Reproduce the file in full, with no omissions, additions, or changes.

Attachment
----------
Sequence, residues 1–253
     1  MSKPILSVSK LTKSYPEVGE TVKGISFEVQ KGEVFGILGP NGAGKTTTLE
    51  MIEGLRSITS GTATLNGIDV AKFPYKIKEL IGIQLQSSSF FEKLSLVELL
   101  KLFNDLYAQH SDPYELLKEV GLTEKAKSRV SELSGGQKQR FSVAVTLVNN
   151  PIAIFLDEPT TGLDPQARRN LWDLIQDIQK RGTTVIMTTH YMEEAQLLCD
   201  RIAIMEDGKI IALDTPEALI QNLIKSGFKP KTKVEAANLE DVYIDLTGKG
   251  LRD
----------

Sequence, residues 1–253
     1  MSKPILSVSK LTKSYPEVGE TVKGISFEVQ KGEVFGILGP NGAGKTTTLE
    51  MIEGLRSITS GTATLNGIDV AKFPYKIKEL IGIQLQSSSF FEKLSLVELL
   101  KLFNDLYAQH SDPYELLKEV GLTEKAKSRV SELSGGQKQR FSVAVTLVNN
   151  PIAIFLDEPT TGLDPQARRN LWDLIQDIQK RGTTVIMTTH YMEEAQLLCD
   201  RIAIMEDGKI IALDTPEALI QNLIKSGFKP KTKVEAANLE DVYIDLTGKG
   251  LRD